About Michael Waters


A Wrestle with Mortality

Paris, 1974


As my mentor Marcel worked, I had days on end to look after myself, especially in Paris. Through an acquaintance of his we had the use of a small apartment in the Latin Quarter, three floors above the famous Caveau de la Huchette, jazz music drifting up every night until the small hours.The building was owned by the City of Paris, and because our friends’ family had held continual occupancy since the 18th century, the rent was historically controlled and now amounted to about $50 per month…

Wandering the city, week after week, encountering who I might, I eventually grasped that if I spent my whole life there I could still never see it all, the magnitude and complexity of the world forcing its way into my view. I also went home with every cult that approached me, and all western cities in the seventies had droves of spiritual envoys out on the streets. Children of God, Bhagwanners, Hare Krishnas, Moonies, Scientologists, Eckankars, Maharishis, Mormons, Born-agains, Jehova Witnessers…  I was curious to see what they offered. Some were all about the guru-worshipping, like  Bhagwan and Maharishi, some were also cash machines – Moonies, Scientologists and Maharishis, and some were just  conservative spiritual traditions open to the new seekers on the streets.

It was not hard to resist their requests to join, although the Children of God had a neat trick of sending their cutest female member to hug and squeeze you, fervently whispering ‘Thank you Jesus!” over and over in your ears….
In this setting I took on what was to become a three-year  process dealing with my mortality. Most adolescents house a sense of immortality, but coming-of-age requires  a farther horizon, where the limitations of human existence, where the abyss itself claims certainty.

It became clear to me that all things passed, all living things would die, all grist for the mill. It was also clear that nobody I met had a clue why this was, or where we went after the passing, or where we had been before getting here. This was not all right by me, and I was not going to just let it be.

And so I began a daily observation that I could well be living my last day, that all I could see would  in time crumble. I knew these things were true, and so I kept them in sight. All day, all week, all month, all year. About a year into this practice I was certain that I had lived the last of my carefree days in adolescence, and that from here forward was a struggle against the unknown. It is likely a good thing I was travelling, as friends and family may have found me to be deeply depressed. Only a few things could pull me up to the surface of normal leisure – intimate encounters, powerful music or film and some psychedelic experiences in nature. Otherwise every move was clothed in uncertainty, in resonance with the thin ground upon which I walked. I worried about whether I was checking out groceries properly, whether I had eaten just the right amount, and especially how to answer the casual greeting one exchanged several times a day: “How is it going?”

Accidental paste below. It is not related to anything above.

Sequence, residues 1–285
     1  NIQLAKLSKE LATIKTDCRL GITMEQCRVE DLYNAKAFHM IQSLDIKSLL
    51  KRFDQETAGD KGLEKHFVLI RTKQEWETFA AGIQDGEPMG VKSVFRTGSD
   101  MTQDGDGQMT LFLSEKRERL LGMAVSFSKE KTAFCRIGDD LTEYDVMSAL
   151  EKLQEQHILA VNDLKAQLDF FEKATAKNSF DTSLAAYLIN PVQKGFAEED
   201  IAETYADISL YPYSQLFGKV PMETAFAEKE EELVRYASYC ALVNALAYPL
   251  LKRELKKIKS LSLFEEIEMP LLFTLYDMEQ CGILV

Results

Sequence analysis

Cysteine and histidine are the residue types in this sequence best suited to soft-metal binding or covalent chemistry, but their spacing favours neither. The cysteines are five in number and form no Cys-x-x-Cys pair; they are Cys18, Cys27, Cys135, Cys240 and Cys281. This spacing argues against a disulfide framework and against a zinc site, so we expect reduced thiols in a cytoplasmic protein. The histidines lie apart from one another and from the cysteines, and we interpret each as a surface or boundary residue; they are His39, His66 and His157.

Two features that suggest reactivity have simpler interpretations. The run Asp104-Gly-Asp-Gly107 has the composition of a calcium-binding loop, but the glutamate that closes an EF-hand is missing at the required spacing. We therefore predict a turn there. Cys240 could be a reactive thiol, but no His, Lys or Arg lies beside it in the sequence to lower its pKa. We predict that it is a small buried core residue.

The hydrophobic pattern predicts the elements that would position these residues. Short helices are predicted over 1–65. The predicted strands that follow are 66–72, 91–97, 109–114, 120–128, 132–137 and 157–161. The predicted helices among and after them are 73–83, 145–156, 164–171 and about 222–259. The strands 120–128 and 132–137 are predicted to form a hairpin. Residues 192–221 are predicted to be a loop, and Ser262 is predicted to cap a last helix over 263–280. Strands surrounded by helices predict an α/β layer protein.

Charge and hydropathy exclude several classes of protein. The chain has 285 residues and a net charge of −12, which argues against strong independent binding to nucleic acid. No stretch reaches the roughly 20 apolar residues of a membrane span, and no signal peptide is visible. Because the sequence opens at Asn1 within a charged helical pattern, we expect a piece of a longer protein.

Over the next two years, three singular events encouraged me and finally brought me to the other side of the chasm.
The first was to find the writings of the Third Patriarch of the Zen Bhuddist tradition. He wrote that as a young man he had approached a master swordsman and asked if he could follow him and learn his art. The swordsman looked at him and said “Perhaps, but you have already mastered something, what is it?” The young man declared that he had never followed any of the spiritual arts or apprenticed under any teacher. “I am never wrong about this”, said the swordsman,” You have mastered something” The young man thought and  said that several years earlier he had begun wrestling with his mortality, and had chosen to persevere in the process. After a few  years, it was not as if the question was answered, rather, it just stopped asking itself. “That is it!”, said the swordsman, ‘I will teach you.” And so the young man eventually became one of the five Patriarchs who built the tradition of Zen Bhuddism, and wrote down his experience. Reading it, I gained a sense that what I was doing might not be crazy after all, and so I chose not to let up, harried as I was.

About a year later I was sitting in the garden of the American Student Centre in Paris while chopping some firewood for them. I smoked some marijuana, following the strict practice learned from Marcel years before in resonance with indigenous traditions and the use of medicinal plants which affect the mind. They are called teaching plants in indigenous traditions, and respected above those plants which only heal the body. The practice is to take very little, one draw, maybe two, and stay focused on the act, and for the next four hours or so not to lose focus on any effect until it wears off naturally. In this way, one is intending to actually learn or discover something, rather than just have fun or forget one’s cares.

After a half hour or so of sitting, the dead leaves on the ground reminded me that all the living ones now in the tree would soon join them, and looking out at the young girls passing on the street, knowing they would age and die…. Well, I was not uplifted, and so started walking. At the back of the Centre was an artists’ studio, Henry Moore-style carvings in the grass around a small atelier, a door ajar with a light coming out, and so I knocked and entered.
A jovial, short 80-year old man greeted me, the resident artist. I had heard about him, a Romanian. He told me to come in, and in greeting me said “What are you doing with your life?” ”Je Voyage”, I responded, ‘I am travelling’. He showed me the clay sculptures his students were working on, in clay and plaster, all very jovial and good-natured. Then after about ten minutes of considering their work he turned to me and said “So what are you doing with your life?” This time the question merited more thought, so I explained that I was researching my cultural roots and the spiritual history of the west, somewhat trying to figure out how we got into such a mess, burning people at the stake in the name of Jesus, etc. But the question amplified my discomfort, and so I wandered around his cluttered studio. Up against a wall he had propped the insides of a grand piano, the whole steel frame and strings all there. As an ardent guitarist, I began plucking the chords, making some very nice sounds, and slowly got myself backin to a workable composure.